• [8] Zeph. 3.17
  • [9] Responsorial Psalm Verse

Note: I am back after exams and the end of the semester. Thank you for the prayers!

Silver Glass and a Swift Sunrise

For this is the will of my Father, that everyone who sees the Son and believes in him may have eternal life, and I shall raise him on the last day. – John 6.40

Today in the Abbey Church, we celebrated the Mass for All Souls Day, calling to mind all of those who have passed before us. In those moments, there was a tinge of sorrow, yes; perhaps it was a longing to once again be with loved ones. Then again, there was also a joy, a joy that recognizes the loving mercy of the Father who draws His children to His bosom.

It was following Mass, however, during the procession to the monastery graveyard, that the reality of death became more pronounced. As we walked in silence, I was acutely aware of the biting chill that enveloped us. The reds, golds, and browns of the changing leaves gently swayed on their respective branches, ready to fall to the earth. Autumn had certainly descended, preparing the way for the coming of winter, reminding all gathered of the fleeting nature of our lives. Here at the changing of the seasons, the Church in her wisdom has us call to mind the reality of death, the need to pray for each other, and the Paschal Mystery that frees us from that same death.

Entering the graveyard, I was struck like never before by the row upon row of gravestones, monks who had dedicated their lives in faithful service to the Lord. These monks, who crossed an ocean and a vast country to settle in the Northwest had directly affected thousands of lives, and through their work in forming priests, indirectly impacted hundreds of thousands. Filled with gratitude for their witness, I recognized how “they saw the Son and believed in Him.” As we sang the antiphon “In Paradisum”, I was struck at how much God can work in our lives, if we let Him. If we allow His grace to prevail, we will have eternal life. If we follow His example of humility and obedience, death will have no power. Death has yielded to the King who humbled Himself:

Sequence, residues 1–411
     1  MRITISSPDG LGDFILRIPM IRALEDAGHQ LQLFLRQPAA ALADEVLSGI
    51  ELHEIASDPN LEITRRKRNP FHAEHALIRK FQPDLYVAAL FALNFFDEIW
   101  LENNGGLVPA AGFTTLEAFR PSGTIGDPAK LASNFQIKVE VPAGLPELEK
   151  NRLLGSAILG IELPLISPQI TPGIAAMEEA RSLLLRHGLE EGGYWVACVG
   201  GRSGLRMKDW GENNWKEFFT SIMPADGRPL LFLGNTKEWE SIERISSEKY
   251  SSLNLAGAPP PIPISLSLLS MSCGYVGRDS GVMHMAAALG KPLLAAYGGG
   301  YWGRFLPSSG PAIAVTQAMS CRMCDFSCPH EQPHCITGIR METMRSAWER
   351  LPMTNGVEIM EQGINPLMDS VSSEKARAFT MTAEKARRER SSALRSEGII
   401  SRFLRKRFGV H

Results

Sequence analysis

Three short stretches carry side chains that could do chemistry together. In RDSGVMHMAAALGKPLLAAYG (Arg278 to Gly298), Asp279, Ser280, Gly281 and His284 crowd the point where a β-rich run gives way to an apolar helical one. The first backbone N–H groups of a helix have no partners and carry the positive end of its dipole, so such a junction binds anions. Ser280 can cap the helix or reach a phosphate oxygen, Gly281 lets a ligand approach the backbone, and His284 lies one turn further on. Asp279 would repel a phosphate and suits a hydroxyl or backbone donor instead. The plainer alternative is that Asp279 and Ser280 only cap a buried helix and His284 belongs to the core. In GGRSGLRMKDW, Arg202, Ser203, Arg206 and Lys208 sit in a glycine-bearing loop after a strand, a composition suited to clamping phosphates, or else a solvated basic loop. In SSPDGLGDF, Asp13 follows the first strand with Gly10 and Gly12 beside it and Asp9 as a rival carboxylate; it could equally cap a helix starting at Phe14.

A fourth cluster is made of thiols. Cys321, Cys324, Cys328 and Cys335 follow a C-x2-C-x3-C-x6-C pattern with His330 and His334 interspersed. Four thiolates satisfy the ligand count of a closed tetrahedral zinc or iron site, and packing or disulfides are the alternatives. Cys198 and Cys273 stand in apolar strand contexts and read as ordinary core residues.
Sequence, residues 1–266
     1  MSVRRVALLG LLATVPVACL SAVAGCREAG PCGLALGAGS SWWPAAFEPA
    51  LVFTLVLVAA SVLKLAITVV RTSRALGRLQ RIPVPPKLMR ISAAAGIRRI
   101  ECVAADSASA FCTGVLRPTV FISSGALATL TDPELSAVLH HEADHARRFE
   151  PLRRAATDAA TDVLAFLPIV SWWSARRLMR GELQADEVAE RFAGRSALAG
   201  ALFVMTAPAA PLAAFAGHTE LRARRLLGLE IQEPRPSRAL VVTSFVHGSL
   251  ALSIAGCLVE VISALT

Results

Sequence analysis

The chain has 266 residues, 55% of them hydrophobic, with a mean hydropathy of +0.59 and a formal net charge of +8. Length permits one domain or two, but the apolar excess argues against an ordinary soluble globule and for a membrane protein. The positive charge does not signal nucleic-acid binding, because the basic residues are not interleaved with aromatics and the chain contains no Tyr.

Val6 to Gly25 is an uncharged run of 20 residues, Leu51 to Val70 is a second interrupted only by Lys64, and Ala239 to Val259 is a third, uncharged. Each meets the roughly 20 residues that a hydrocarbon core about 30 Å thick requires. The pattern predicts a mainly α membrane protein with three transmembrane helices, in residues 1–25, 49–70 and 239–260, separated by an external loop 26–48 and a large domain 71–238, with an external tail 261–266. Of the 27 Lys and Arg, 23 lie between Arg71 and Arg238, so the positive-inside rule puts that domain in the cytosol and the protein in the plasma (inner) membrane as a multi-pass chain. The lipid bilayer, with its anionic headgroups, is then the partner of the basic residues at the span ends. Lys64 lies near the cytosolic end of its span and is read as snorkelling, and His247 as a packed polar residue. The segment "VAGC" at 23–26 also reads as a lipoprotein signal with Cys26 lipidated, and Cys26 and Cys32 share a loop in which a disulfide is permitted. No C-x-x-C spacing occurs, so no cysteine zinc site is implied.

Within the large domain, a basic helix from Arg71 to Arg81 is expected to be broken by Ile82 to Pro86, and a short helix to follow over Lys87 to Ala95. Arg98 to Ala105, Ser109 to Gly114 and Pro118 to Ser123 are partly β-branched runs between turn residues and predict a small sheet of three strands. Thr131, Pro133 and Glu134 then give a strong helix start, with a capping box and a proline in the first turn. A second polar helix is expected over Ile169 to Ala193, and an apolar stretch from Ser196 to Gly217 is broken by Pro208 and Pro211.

Death has become like a tyrant who has been completely conquered by the legitimate monarch; bound hand and foot the passers-by sneer at him, hitting him and abusing him, no longer afraid of his cruelty and rage, because of the king who has conquered him. So has death been conquered. -St. Athanasius

And so as we proceed into the month of November, remembering those who came before, let us give thanks for their influence on our lives and the work that God performed through them. At the same time, let us remember to pray for all those who have departed us, that perpetual light may shine upon them. In a particular way, I am remembering the following individuals (listed by last name), and others whom I am probably forgetting, throughout this month:

Fr. Paschal Cheline

William Childers

Msgr. Andrew Coffey

John Elrod

Fr. Thien Dang

Fr. Richard Doheny

Fr. John Folmer

Fr. Steven Foppiano

Fr. Terry Fulton

Dean Gabbert

Marie Gabbert

Haley Hall

Kevin Keeley

Tim Mar

Don Marshall

Lois Marshall

Don Oehler

Levia Reynolds

Juanita Walker

(If you would like to add anyone, or remind me of someone I should have listed, please let me know either here or via Facebook.)

While the turn of the season and liturgical calendar brings to mind our own mortality, something we should keep in the forefront of our thoughts more often, we need not despair, knowing that through Him, death has lost its sting. Soon, we will enter the period of waiting, looking to His arrival as a small child in a manger, who will go to Calvary in the ultimate expression of love.

I leave you with words that have aways brought to mind, at least for me, thoughts of eternity and a blessed hope:

“Grey Havens” by Alan Lee

And the ship went out into the High Sea and passed into the West, until at last on a night of rain Frodo smelled a sweet fragrance on the air and heard the sound of singing that came over the water. And then it seemed to him that as in his dream in the house of Bombadil, the grey rain-curtain turned all to silver glass and was rolled back, and he beheld white shores and beyond them a far green country under a swift sunrise. -J.R.R. Tolkien

Pax et bonum.

Reflections: On True Discipleship

Twenty-Fourth Sunday in Ordinary Time – Year B

Isaiah 50.5-9A, Psalm 116.1-2, 2-3, 5-6, 8-9

 James 2.14-18,  Mark 8.27-35

What does it mean to be a disciple of Christ? Does it mean helping the less fortunate? Perhaps. As Christians we are called to help the poor and the lonely. Does it mean that we need to act nicely to people, be helpful and courteous to those around us? Maybe, since we are called to be meek and humble of heart. Does it mean that we need to go to Church on Sunday? Yes, I suppose. We need to give reverence where it is due.

To be brutally honest, however, we could be doing all of these things and not have the faintest idea of what it means to be His disciple.